Graffiti from a number of fraternities marks the remnants of the Santos Bridge project (2014).

Graffiti from a number of fraternities marks the remnants of the Santos Bridge project. Photo by the author (2014).

The Stonehenge-esque structures at Santos are merely one of many mysterious monuments to the past hiding in plain sight in Florida. What mysterious historical structures are located in your community? Search the Florida Photographic Collection to see if we have photos of them, or consider donating a photo by contacting us.

 

 

Camp Roosevelt

Every old house, every river, and every bend in the road in Florida has a story. Some are easy to learn about, others not so much. Understanding the history of a place becomes even more complicated when the place itself changes rapidly over a short period of time. The history of Camp Roosevelt south of Ocala is a case in point. In the space of a single decade, it served as an educational center for at least three separate federal programs, headquarters for workers building the Cross-Florida Barge Canal, and emergency housing for returning World War II veterans and their families.

Map showing the location of Camp Roosevelt just south of Ocala near the convergence of Lake Weir Rd. with U.S. 27/301/441.

Map showing the location of Camp Roosevelt just south of Ocala near the convergence of Lake Weir Rd. with U.S. 27/301/441. The map dates to the 1990s, but the Roosevelt name remains.

The camp originated as a temporary home for the U.S. Army Corps of Engineers and the large labor force it needed to build the Cross-Florida Barge Canal. This project had been a long time in the making. Even as far back as the 16th century when the Spanish had control of Florida, shippers and government officials had wished there was some way to shorten the lengthy and dangerous voyage necessary to sail around the Florida Straits. A number of ideas emerged for digging the canal, but the enormous expense of the project led private and public authorities to shy away from it.

Ironically, the arrival of the Great Depression gave the plan a boost off the drawing board and into action. Local politicians urged the federal government to take on the canal project as a federal relief program through the New Deal.  The Franklin Roosevelt administration allocated funding for the project in September 1935 on this basis, and by the end of the month construction was underway to prepare for workers to arrive. The plans called for what amounted to a small city, complete with medical and recreational facilities, a dining hall, a post office, and headquarters buildings. The Army Corps of Engineers designated the site as “Camp Roosevelt” in honor of the President.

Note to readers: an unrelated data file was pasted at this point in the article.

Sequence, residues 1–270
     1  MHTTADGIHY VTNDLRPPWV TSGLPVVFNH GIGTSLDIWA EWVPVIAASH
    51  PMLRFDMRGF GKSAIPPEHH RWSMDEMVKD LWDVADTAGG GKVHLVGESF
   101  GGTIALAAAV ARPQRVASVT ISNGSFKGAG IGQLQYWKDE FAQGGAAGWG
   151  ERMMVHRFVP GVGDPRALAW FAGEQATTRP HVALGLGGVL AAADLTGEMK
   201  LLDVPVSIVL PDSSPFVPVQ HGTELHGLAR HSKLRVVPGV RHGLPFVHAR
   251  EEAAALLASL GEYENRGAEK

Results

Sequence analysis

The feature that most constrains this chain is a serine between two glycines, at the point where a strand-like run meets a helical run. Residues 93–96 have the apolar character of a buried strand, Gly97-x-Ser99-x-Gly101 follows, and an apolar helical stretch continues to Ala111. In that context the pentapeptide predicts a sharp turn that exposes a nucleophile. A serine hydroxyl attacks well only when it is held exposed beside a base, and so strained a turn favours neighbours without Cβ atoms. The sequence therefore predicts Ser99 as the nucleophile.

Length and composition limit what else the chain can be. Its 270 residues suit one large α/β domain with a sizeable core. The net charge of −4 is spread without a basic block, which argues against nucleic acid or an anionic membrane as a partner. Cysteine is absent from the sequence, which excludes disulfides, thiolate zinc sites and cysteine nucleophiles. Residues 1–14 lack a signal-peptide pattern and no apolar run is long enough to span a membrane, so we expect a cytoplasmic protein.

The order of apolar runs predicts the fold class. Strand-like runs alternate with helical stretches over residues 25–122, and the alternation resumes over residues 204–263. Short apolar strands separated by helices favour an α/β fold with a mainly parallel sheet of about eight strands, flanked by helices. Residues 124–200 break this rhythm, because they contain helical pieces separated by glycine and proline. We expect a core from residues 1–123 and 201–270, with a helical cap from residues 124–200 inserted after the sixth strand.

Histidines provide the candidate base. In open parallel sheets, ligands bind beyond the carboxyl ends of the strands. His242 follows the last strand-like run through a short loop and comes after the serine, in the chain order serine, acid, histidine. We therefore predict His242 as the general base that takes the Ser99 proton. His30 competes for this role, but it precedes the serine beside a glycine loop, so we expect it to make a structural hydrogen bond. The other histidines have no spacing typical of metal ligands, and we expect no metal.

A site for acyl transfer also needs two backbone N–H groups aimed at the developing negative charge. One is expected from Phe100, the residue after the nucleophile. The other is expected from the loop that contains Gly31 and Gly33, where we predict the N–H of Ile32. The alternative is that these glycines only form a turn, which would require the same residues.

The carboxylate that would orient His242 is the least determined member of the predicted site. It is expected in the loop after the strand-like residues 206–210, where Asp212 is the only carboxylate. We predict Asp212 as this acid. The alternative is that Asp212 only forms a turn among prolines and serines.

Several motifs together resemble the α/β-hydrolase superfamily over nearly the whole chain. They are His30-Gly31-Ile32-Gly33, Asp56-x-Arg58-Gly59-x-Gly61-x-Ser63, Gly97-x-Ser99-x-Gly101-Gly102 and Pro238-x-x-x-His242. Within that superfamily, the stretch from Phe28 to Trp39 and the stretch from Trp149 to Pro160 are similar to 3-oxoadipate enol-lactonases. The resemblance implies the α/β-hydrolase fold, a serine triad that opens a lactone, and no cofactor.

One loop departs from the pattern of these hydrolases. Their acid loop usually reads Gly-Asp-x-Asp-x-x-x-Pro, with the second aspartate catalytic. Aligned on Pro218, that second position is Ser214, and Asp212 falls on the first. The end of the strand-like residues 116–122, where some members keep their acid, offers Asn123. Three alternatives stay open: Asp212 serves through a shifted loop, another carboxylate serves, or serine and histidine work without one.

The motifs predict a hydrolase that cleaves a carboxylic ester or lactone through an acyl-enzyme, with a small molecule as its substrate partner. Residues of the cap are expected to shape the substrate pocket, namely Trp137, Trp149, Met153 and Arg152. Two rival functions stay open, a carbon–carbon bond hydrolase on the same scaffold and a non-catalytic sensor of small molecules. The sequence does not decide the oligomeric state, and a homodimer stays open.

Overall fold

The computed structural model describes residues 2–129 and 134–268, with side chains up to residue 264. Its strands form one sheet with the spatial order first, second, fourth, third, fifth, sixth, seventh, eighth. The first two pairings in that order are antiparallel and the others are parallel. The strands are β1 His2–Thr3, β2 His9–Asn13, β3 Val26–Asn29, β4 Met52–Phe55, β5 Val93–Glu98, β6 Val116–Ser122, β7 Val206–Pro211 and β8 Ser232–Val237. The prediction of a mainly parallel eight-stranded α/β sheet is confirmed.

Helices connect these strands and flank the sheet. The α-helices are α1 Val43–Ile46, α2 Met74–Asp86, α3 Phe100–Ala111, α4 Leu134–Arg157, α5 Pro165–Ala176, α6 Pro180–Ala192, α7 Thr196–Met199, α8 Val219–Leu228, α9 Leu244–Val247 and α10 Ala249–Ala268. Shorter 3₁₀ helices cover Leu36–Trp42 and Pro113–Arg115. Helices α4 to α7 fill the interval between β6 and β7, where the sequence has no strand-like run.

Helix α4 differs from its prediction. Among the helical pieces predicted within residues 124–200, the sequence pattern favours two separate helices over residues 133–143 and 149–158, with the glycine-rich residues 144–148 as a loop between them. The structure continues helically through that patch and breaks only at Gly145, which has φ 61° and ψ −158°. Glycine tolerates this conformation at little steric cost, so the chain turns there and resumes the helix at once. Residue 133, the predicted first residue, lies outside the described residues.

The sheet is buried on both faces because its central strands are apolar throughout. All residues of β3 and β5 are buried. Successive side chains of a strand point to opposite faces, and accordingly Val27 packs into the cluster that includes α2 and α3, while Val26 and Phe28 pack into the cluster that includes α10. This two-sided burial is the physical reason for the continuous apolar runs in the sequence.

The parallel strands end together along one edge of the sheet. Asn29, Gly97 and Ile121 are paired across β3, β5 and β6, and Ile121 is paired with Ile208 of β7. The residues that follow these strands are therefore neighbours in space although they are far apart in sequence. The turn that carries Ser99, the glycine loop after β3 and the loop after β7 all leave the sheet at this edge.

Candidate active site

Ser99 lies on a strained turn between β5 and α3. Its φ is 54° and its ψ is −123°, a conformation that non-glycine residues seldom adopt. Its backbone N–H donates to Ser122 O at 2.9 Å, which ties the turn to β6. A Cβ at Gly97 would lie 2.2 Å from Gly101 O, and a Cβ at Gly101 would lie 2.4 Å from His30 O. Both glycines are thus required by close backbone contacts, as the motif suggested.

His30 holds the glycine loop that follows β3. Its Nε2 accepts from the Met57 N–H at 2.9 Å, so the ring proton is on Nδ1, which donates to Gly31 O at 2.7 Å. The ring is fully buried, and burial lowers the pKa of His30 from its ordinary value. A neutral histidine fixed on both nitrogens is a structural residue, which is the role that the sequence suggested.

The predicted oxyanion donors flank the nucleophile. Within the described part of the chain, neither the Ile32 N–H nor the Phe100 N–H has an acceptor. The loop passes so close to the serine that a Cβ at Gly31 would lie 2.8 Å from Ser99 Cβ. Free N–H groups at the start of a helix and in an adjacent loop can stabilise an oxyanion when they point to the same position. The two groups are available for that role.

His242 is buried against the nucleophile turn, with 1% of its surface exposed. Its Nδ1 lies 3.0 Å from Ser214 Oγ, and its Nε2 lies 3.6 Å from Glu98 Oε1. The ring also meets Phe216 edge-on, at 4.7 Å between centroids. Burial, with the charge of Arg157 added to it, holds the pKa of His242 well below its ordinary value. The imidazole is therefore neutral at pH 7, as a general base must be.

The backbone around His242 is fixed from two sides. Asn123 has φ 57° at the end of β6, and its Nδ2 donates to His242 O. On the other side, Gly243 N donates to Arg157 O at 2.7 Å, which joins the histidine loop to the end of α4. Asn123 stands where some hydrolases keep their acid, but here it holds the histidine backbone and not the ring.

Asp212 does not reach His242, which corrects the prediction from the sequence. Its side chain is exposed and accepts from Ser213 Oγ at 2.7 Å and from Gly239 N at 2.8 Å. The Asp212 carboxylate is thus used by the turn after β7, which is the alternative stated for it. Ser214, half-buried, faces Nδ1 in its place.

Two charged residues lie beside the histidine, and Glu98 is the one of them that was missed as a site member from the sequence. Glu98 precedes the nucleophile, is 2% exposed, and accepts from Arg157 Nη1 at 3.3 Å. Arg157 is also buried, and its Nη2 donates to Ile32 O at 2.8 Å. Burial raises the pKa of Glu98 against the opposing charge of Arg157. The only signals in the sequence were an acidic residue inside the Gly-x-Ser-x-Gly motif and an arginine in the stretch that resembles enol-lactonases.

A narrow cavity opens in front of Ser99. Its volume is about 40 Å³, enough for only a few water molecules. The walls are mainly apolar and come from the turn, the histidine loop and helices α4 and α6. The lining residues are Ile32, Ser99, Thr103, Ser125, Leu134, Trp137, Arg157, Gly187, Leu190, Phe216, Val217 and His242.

Men's dormitory at Camp Roosevelt, built in 1935 to accommodate workers for the Cross-Florida Barge Canal (photo circa 1936).

Men’s dormitory at Camp Roosevelt, built in 1935 to accommodate workers for the Cross-Florida Barge Canal (photo circa 1936).

The camp’s population quickly swelled with workers, but their stay was to be much shorter than planners had expected. Vocal opponents of the project in Central and South Florida argued that digging the deep canal would expose and contaminate the underground aquifer that contained their water supply. Sensing trouble, the Roosevelt administration quietly backed off of the project. Works Progress Administrator Harold Ickes dropped his support, and Congress failed to extend the original 1935 appropriation. In the summer of 1936, with only preliminary work complete in several locations along the proposed route, work came to a halt.

An early view of construction on the Cross-Florida Barge Canal, probably around Dunnellon (1936).

An early view of construction on the Cross-Florida Barge Canal, probably around Dunnellon (1936).

With no money to continue, the U.S. Army Corps of Engineers prepared to close its operations at Camp Roosevelt. With these extensive facilities vacant, the Works Progress Administration sensed an opportunity to take over the site and use it for a good cause. The W.P.A., the University of Florida in Gainesville, and the Army Corps of Engineers reached an agreement whereby the University would operate Camp Roosevelt as a center for adult education. The University would be in charge of the program itself, whereas the W.P.A. would handle the business end of the camp. The Army Corps of Engineers would pay most of the utility bills. Less than three months from the end of the work on the barge canal, the University of Florida’s adult education extension program was up and running at the camp. Major Bert Clair Riley, the university’s dean of extension services, administered the program from Gainesville, while a series of local directors handled the day-to-day business on the ground.

A student feeds a piece of wood through a router as his instructors look on (photo circa 1936).

A student feeds a piece of wood through a router as his instructors look on (photo circa 1936).

At first, the extension program mainly offered short courses in subjects like model design, leathercraft, art appreciation and design, and training for W.P.A. administrators. Program leaders made bold plans to expand their reach to include short courses for civic officials, printers, real estate brokers, toymakers, and aviators. The University also offered more formal courses in subjects like English and History to aid those students who wished to continue their education at the university level.